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When I read Monday that a new scientific study, as well as a newly released meta-analysis, melding together the statistical information from a bunch of earlier studies, had concluded that owning a dog is good for you, my initial reaction was, I could have saved them a lot of time and money.
I skimmed the information anyway, which was published in Circulation: Cardiovascular Quality and Outcomes, a journal of the American Heart Association.
Based on 182,000 Swedes who had suffered strokes or heart attacks — wait, Swedes have heart attacks too? — the study made illuminating reading.
Owning a dog meant a 33-per-cent lower risk of death for heart attack survivors who lived alone, and a 27 per cent reduced risk for those who suffered a stroke, compared to those who didn’t own a hound.
The conclusions reached by the literature review, which piggy-backed on the data of over 3.8 million patients taken from 10 separate studies, was even more striking.
Compared to non-owners, dog-owners experienced a 24-per-cent reduced risk of all-cause mortality. The researchers discovered they also had a 65-per-cent reduced risk of mortality after having heart attack, and 31-per-cent-less chance of dying due to cardiovascular-related issues than non-owners.
“It is not-exactly a surprise, but it is much more robust evidence of what we already suspected,” said analysis co-author Caroline Kramer, assistant professor of medicine at the University of Toronto and an endocrinologist and clinician scientist at Mount Sinai Hospital, who also owns a miniature Schnauzer named Romeo.
I, truthfully, have known this for a while. A dozen or so years ago, during an idle moment, I filled in an online test designed to tell me how old my body really was.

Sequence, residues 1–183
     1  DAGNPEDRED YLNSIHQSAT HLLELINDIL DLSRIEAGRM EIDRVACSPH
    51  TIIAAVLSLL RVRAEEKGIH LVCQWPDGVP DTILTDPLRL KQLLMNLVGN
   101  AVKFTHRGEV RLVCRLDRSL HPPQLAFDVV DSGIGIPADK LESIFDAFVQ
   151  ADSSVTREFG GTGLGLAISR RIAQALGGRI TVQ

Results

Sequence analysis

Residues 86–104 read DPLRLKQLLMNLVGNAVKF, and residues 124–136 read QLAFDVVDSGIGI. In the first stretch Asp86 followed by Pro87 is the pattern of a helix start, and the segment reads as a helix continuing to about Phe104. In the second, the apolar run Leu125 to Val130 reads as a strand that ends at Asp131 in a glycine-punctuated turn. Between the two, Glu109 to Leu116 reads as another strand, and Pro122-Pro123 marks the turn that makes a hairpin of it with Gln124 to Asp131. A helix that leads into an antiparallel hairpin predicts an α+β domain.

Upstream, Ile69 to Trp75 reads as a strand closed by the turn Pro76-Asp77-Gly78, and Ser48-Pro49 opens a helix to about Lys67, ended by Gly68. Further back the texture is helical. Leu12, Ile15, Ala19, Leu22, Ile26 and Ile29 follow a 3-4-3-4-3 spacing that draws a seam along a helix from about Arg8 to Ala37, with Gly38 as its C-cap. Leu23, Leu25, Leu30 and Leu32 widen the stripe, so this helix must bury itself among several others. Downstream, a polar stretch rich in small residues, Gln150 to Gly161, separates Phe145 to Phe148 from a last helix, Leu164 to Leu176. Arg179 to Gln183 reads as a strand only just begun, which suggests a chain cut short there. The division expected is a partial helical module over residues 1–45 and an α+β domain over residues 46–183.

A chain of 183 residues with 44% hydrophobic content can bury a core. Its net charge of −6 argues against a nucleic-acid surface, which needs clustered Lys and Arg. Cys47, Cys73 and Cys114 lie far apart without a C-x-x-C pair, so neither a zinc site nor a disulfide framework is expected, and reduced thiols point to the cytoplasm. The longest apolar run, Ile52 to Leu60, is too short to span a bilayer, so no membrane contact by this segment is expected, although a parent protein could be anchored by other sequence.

Something must have been disagreeable about that number, since I have permanently banished it from memory.
What I did note at the time was the list of things that added to the wear-and-tear, only one of which I can now remember: I did not own a dog.
Enter the pooch in the picture, a golden doodle that we acquired from a breeder in the parking lot of an Irving Big Stop, in a transaction as quick and wordless as a pre-2019 weed deal.
I already lived in a lively, loving household with plenty of company.
But I still quickly noticed how the presence of Auggie, named after the old cartoon character, changed life.
For one thing, even a 50-something male is interesting to others while walking a cute, goofy puppy.
Dogs make even misanthropes social. Little kids run over and ask permission to pet him. So do university students, perhaps because Auggie reminds them of home, and old-timers, who stick out a hand towards him, as if reaching back to their youth.
Over the years I’ve made friends with other dog owners, in the way that parents become well-acquainted with the moms and das of their children’s pals.
When I asked Kramer about the link between dog-ownership and longevity she pointed to the way walking keeps us healthier. I have to agree.
Auggie won’t eat unless he gets a real leg stretch, during which he can sniff and christen, with his endless supply of urine, every passing tree, fire hydrant and fence post.
If I walk in the door after a prolonged absence and Auggie fixes with the sad eyes well, I must take him out, no matter how late, how bad the weather, how tired I am.
So he keeps me moving. Some days, walking alongside him, it helps me to see the world as he does: always fresh and new, endlessly interesting.
But there’s something else too, that might be reflected in statistics that show being around a dog reduces blood pressure as much as blood pressure medicine.
“Its probably a combination of factors,” explains Kramer, which is undoubtedly true.
But all I can say is this: if you open the door on a day when no one else is there, or perhaps everyone inside is distracted by life, it does the heart good to be greeted by a shaggy beast wagging his tail, overjoyed at your return.